Since then, the picture has been mixed with extended periods of rises and falls. Unfortunately, since September, the rises have grown more pronounced, though not consistently so.

Freddie’s Jan. 6 report puts that weekly average for 30–year, fixed–rate mortgages at 3.22% (with 0.7 fees and points), up from the previous week’s 3.11%.

Expert mortgage rate forecasts

Looking further ahead, Fannie Mae, Freddie Mac and the Mortgage Bankers Association (MBA) each has a team of economists dedicated to monitoring and forecasting what will happen to the economy, the housing sector and mortgage rates.

And here are their current rate forecasts for the remaining, current quarter of 2021 (Q4/21) and the first three quarters of 2022 (Q1/22, Q2/22 and Q3/22).

The numbers in the table below are for 30–year, fixed–rate mortgages. Fannie’s were published on Dec. 20 and the MBA’s on Dec. 21.

Freddie’s were released on Oct. 15. It now updates its forecasts only quarterly. So we may not get another from it until January. And its figures are already looking stale.

Forecaster Q4/21 Q1/22 Q2/22 Q3/22
Fannie Mae 3.1% 3.1%  3.2% 3.3%
Freddie Mac 3.2% 3.4%  3.5% 3.6%
MBA 3.1% 3.3%  3.5% 3.7%

However, given so many unknowables, the whole current crop of forecasts may be even more speculative than usual.

Find your lowest rate today

You should comparison shop widely, no matter what sort of mortgage you want. As federal regulator the Consumer Financial Protection Bureau says:

“Shopping around for your mortgage has the potential to lead to real savings. It may not sound like much, but saving even a quarter of a point in interest on your mortgage saves you thousands of dollars over the life of your loan.”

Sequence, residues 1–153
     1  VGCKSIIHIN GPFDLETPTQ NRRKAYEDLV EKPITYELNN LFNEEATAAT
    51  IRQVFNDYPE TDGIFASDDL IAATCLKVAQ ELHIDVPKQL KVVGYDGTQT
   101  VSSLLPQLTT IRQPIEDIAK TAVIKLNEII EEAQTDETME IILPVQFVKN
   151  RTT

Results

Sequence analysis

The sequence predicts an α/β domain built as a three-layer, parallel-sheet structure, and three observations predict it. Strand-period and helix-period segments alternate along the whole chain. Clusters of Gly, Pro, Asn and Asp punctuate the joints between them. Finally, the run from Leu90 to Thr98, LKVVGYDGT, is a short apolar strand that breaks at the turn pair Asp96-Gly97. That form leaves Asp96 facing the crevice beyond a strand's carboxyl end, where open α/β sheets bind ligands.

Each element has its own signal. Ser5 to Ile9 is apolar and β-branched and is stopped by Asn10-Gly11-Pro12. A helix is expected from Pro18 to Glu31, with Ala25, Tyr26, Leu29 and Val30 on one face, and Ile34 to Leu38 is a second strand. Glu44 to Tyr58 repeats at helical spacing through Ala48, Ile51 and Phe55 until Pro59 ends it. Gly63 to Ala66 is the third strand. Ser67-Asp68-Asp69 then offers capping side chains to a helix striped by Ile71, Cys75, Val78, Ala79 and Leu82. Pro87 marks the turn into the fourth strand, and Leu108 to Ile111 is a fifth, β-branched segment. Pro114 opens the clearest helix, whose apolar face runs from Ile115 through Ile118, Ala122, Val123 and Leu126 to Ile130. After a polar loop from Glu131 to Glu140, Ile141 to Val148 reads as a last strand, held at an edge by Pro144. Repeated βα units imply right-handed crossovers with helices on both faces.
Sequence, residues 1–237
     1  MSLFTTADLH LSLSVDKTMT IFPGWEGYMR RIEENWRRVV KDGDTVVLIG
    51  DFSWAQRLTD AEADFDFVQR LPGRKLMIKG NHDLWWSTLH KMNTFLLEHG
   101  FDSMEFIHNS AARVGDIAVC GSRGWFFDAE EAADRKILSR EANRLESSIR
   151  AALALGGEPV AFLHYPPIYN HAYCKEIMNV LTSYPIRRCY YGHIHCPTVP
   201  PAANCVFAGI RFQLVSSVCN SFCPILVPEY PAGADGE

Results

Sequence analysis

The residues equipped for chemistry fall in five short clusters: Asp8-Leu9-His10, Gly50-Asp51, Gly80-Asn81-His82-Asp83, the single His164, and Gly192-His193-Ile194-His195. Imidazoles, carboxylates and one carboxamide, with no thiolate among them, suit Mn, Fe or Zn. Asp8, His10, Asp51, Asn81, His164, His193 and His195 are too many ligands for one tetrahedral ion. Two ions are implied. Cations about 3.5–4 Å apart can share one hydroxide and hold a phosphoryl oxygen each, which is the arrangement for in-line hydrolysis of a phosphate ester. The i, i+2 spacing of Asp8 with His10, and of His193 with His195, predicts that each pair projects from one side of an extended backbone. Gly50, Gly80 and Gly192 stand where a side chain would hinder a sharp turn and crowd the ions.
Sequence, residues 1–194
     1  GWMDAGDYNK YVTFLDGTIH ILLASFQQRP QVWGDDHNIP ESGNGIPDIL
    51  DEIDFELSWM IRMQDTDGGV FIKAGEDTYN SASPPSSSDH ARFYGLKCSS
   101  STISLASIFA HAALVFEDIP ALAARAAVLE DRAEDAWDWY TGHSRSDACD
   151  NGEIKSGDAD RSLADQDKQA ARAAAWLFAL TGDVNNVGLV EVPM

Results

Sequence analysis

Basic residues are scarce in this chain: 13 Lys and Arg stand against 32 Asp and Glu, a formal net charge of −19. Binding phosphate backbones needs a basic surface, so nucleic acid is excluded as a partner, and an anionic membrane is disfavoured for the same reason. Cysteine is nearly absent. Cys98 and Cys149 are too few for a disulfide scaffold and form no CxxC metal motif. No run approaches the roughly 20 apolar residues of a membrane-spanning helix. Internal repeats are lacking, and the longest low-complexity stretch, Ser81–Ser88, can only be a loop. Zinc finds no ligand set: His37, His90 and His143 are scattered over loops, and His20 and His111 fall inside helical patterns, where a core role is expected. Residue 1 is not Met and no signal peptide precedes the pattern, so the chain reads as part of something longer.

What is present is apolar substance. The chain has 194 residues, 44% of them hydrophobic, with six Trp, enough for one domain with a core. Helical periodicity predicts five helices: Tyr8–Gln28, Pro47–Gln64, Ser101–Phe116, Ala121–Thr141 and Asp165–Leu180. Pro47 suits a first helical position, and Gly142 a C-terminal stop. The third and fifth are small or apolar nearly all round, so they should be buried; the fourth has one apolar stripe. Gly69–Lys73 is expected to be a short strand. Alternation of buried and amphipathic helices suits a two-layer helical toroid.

Show me today’s rates (Jan 7th, 2022)

Mortgage rate methodology

The Mortgage Reports receives rates based on selected criteria from multiple lending partners each day. We arrive at an average rate and APR for each loan type to display in our chart. Because we average an array of rates, it gives you a better idea of what you might find in the marketplace. Furthermore, we average rates for the same loan types. For example, FHA fixed with FHA fixed. The end result is a good snapshot of daily rates and how they change over time.

The information contained on The Mortgage Reports website is for informational purposes only and is not an advertisement for products offered by Full Beaker. The views and opinions expressed herein are those of the author and do not reflect the policy or position of Full Beaker, its officers, parent, or affiliates.